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Cash ISA rates rise for first time in seven years

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06/03/2018
Cash ISA rates have begun to rise for the first time in seven years, according to analysis from Defaqto.

It showed that average rates for instant access cash ISAs has jumped by 31% for balances of £1,000 to £2,500 and 29% for balances of £5,000 to £10,000. Admittedly, average savings rates are still significantly below 1%, but it shows that providers are increasingly reflecting the November rate rise in their products.

The analysis also showed that better rates are reserved for those savers who can leave their money long-term without the need to withdraw it. For example, the top interest rate for a £10,000 deposit in a cash ISA is currently 2.25%. There is also a 36 month cash ISA at 1.87% (with United Bank), or a 24 month cash ISA at 1.67% (with Charter Savings Bank).

The best instant access cash ISA is just 1.21% (from Virgin Money).

The research showed that the number of cash ISAs currently available on the market has also increased by 21%, from 370 products in 2017 to 446 currently.

Increases for current account rates have not matched those for cash ISAs. The average interest rates currently on offer for standard current accounts are significantly lower than those offered in 2017 – by up to 32%, depending on the amount being saved. There are now only a handful of current accounts that pay interest on savings balances.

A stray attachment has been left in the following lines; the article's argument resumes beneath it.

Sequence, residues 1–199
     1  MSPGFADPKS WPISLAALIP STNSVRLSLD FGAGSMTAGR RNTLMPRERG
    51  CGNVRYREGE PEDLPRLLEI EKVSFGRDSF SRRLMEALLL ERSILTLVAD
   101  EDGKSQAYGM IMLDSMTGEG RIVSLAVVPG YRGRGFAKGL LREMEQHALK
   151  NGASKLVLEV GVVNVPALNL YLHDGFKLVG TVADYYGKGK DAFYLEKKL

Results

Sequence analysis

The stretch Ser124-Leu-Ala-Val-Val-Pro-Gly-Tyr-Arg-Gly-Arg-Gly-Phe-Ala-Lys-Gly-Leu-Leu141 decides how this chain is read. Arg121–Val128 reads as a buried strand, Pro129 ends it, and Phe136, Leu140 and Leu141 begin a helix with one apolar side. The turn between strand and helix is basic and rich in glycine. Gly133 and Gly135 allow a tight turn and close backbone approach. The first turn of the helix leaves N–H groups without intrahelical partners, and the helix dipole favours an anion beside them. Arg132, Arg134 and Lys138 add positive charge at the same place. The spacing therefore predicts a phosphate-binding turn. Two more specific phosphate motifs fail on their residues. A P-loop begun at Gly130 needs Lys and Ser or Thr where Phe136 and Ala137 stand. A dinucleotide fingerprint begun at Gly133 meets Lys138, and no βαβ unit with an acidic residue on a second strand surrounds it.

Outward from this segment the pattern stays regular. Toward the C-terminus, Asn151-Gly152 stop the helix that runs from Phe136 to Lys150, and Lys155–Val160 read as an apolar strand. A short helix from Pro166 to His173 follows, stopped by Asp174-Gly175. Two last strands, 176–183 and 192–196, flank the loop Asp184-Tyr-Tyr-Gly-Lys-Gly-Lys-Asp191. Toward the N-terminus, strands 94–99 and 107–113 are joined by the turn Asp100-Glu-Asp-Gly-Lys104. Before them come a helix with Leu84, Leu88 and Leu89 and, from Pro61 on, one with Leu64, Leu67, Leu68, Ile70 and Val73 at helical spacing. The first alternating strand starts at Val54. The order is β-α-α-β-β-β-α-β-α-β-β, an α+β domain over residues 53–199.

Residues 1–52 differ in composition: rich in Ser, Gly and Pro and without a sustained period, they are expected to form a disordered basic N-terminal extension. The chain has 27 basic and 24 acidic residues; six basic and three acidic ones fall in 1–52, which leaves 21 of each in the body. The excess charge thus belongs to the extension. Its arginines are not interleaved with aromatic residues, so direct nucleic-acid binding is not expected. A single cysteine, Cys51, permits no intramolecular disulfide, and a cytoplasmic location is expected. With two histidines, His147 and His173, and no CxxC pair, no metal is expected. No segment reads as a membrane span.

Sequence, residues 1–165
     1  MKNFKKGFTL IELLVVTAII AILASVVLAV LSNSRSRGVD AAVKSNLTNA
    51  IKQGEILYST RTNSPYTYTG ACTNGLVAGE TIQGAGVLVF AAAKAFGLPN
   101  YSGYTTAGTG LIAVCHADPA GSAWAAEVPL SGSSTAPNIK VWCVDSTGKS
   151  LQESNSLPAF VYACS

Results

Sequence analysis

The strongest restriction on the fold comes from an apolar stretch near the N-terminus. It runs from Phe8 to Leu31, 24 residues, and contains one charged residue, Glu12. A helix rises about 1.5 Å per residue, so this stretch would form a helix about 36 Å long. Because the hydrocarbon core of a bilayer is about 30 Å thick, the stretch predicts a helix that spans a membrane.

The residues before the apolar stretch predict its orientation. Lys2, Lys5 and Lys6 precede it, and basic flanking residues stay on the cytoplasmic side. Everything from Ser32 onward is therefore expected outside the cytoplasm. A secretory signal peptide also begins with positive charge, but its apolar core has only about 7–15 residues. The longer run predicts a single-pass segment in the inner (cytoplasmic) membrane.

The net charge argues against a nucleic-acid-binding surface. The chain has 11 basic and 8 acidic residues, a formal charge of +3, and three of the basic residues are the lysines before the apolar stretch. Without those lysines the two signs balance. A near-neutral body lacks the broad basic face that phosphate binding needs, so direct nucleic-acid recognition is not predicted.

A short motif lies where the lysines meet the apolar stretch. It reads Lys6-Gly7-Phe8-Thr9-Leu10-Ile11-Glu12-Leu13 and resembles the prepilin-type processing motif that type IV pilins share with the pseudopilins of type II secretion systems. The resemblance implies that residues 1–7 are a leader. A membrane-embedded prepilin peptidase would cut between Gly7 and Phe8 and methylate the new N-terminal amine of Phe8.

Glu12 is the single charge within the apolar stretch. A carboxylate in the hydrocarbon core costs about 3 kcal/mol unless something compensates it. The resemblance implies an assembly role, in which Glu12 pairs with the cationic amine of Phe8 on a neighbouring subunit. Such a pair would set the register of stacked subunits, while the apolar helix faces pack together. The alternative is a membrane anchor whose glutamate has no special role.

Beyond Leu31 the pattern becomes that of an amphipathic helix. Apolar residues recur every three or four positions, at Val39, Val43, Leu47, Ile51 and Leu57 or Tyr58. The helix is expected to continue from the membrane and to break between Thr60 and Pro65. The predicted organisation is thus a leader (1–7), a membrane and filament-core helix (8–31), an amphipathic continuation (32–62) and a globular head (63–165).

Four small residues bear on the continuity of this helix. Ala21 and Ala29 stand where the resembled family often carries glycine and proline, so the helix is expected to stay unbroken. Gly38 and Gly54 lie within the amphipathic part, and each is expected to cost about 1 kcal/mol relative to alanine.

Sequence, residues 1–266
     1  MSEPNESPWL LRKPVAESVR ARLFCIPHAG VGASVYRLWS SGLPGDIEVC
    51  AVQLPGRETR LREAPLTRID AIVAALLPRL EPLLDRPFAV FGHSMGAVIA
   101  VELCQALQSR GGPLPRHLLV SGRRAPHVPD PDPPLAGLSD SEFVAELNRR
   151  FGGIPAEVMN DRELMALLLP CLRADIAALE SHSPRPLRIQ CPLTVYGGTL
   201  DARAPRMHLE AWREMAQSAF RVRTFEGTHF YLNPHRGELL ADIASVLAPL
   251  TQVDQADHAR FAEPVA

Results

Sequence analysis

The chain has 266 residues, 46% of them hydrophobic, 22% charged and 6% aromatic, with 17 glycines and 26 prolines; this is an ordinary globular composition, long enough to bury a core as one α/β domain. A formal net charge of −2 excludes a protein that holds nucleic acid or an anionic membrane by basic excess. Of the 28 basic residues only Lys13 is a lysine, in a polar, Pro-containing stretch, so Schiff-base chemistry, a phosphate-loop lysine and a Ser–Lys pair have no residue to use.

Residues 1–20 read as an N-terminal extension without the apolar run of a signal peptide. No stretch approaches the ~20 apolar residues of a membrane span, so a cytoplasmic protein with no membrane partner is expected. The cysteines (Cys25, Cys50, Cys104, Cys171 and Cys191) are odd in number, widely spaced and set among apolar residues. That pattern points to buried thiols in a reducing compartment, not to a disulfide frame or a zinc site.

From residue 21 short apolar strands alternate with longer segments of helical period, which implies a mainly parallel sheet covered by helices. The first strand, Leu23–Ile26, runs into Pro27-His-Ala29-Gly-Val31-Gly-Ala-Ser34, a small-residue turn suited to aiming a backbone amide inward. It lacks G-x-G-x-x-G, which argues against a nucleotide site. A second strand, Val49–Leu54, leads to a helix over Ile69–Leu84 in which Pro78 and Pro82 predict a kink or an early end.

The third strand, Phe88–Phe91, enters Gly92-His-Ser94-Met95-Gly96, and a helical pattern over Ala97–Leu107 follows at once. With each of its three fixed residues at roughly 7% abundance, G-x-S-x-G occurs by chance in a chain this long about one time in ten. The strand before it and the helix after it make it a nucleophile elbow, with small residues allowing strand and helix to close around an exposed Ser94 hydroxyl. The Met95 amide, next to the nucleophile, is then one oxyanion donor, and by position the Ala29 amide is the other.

For those savers with £2,500 or less, a standard current account still provides a competitive alternative to a cash ISA, said Defaqto. Those with £1,000 to £2,500 in a standard current account can receive an average interest rate of 1.96%, 280% more than that offered by the average cash ISA.

Brian Brown, head of insight at Defaqto, said: “Following several years of struggle, the savings market was given a welcome boost in 2017 with the Bank of England’s marginal base rate rise.  We’re now beginning to see the results of this rate rise trickling down into this season’s ISA products and hope that this is a trend which will continue to play out given that savings rates still have some way to go to catch up with inflation, which currently stands at 3%.

“Our analysis looked at the various options available, looking at instant access accounts for those savers who need to make cash withdrawals versus long-term savings products where money can be locked away for a period of time. Despite the fact that cash ISAs have seen a boost in their rates for the first time in seven years, we discovered that some savers will be better off opting for a standard current account, particularly if they need frequent or instant access to their money.”

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